Additionally, conventional position indicators may use spur gears to reduce the rotation of the input shaft from the tap changer to achieve the proper angular rotation of the main pointer, which produces a linear relationship in the angular motion between the input shaft 880 and the main pointer. Based on the direction of rotation of the input shaft, the direction of rotation of the spur gears and the main pointer may need to be reversed in order to properly indicate the position of the tap changer. In this conventional design, the number of gears in the drive system must be altered to change the relative direction of rotation.
Other exemplary conventional position indicators may use a worm gear and pinion gear that are mounted to the back of the position indicator faceplate to reduce the rotation of the input shaft from the voltage regulator to drive the main pointer. Similar to a spur gear, a worm gear and a pinion gear also result in a linear relationship between the rotation of the input shaft and the rotation of the main pointer. The worm gear also changes the direction of the rotation of the input shaft in cases where the input shaft does not enter the position indicator housing straight through the back but rather though one of the sides. Based on the direction of rotation of the input shaft, the direction of rotation of the worm gears, the pinion gear, and the main pointer may need to be reversed. To do this, the direction of the worm gear thread and the helix angle for the pinion gear must be altered to change the relative direction of rotation.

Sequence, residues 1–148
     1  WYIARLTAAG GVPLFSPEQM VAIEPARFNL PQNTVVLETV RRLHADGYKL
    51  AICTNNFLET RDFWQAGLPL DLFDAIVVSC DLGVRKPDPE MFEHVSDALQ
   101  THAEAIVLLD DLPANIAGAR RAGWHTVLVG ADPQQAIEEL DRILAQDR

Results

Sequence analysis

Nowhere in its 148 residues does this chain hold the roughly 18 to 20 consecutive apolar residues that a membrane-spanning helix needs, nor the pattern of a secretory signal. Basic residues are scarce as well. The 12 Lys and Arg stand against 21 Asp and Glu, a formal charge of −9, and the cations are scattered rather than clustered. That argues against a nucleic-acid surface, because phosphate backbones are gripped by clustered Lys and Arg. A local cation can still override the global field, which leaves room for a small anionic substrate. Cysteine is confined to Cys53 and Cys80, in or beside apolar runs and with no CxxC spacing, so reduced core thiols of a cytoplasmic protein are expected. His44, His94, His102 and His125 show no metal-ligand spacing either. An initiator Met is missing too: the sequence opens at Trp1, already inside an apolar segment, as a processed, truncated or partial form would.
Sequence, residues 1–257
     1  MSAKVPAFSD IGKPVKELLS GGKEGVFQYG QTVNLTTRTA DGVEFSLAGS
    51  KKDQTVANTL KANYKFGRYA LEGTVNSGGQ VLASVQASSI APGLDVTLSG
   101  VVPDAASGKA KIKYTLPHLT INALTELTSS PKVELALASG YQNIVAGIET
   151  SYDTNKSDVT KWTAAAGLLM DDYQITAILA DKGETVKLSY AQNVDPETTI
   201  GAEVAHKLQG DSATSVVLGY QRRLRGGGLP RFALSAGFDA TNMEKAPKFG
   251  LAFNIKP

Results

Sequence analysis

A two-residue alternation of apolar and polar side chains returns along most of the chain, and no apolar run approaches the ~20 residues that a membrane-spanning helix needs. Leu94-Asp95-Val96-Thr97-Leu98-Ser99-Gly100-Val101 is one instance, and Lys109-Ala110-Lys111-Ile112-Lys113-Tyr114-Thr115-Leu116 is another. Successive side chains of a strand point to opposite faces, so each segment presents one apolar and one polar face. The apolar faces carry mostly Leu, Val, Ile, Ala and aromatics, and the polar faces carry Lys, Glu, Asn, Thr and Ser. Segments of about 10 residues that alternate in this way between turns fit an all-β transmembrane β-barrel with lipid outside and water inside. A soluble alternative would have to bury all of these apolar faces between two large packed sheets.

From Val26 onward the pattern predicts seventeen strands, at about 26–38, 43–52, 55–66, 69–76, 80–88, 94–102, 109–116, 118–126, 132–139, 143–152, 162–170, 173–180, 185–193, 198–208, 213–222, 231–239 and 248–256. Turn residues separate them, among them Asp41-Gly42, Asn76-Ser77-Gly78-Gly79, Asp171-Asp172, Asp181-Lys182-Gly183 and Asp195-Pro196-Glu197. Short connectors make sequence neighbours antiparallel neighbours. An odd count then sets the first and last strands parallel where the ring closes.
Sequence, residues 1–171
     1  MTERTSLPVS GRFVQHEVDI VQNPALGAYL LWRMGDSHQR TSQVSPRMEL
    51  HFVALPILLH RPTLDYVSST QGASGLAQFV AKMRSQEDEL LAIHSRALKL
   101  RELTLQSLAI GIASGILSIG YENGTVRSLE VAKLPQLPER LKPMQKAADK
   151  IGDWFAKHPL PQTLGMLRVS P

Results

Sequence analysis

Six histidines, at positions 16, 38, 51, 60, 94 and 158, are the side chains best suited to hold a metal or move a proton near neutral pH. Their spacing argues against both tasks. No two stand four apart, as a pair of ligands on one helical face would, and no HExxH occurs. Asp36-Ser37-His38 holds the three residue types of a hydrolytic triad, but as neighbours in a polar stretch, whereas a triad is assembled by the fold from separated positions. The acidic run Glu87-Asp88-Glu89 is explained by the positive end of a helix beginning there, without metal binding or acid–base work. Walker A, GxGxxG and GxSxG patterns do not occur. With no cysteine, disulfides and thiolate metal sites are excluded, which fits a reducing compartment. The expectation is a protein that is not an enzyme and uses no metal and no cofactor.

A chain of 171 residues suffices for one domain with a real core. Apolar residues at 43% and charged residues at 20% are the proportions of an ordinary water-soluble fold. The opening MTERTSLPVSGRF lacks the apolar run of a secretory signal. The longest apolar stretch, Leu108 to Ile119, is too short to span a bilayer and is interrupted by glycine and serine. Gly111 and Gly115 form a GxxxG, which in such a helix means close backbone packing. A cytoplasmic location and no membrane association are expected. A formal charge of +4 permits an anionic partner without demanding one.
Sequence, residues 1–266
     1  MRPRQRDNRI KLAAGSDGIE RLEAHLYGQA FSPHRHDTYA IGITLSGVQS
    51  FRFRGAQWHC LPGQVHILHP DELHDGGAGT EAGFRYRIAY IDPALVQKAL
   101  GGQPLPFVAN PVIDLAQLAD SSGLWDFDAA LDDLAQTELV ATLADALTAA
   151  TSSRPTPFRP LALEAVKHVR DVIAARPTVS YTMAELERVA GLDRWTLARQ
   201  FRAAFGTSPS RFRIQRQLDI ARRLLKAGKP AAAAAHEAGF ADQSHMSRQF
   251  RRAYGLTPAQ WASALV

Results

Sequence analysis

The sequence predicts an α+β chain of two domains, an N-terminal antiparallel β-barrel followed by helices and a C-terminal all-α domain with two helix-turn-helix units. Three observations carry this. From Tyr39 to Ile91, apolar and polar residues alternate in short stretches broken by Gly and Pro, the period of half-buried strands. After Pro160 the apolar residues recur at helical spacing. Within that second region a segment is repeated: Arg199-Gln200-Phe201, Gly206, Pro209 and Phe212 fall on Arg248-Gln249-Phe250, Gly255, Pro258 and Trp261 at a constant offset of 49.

A number of implementations have been described. Nevertheless, it will be understood that various modifications may be made. Accordingly, other implementations are within the scope of the following claims.
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|U.S. Classification||116/305, 116/293, 116/296, 73/431, 116/289|
|International Classification||H01H9/00, G01D13/24, G01D11/24, H01H3/44, G01D13/26, G01D5/04, H01H19/12, H01H3/16|
|Cooperative Classification||H01H9/0033, H01H3/16, H01H3/44|
|Oct 11, 2005||AS||Assignment|
Owner name: COOPER TECHNOLOGIES COMPANY, TEXAS
Free format text: ASSIGNMENT OF ASSIGNORS INTEREST;ASSIGNORS:SCHAAR, JONATHAN M.;LINDSEY, KURT L.;HERNANDEZ, JR., AUGUSTO D. (LEGAL REPRESENTATIVE OF AUGUSTO D. HERNANDEZ (DECEASED));REEL/FRAME:016873/0687;SIGNING DATES FROM 20041118 TO 20041119
|Oct 19, 2010||CC||Certificate of correction|
|Mar 18, 2013||FPAY||Fee payment|
Year of fee payment: 4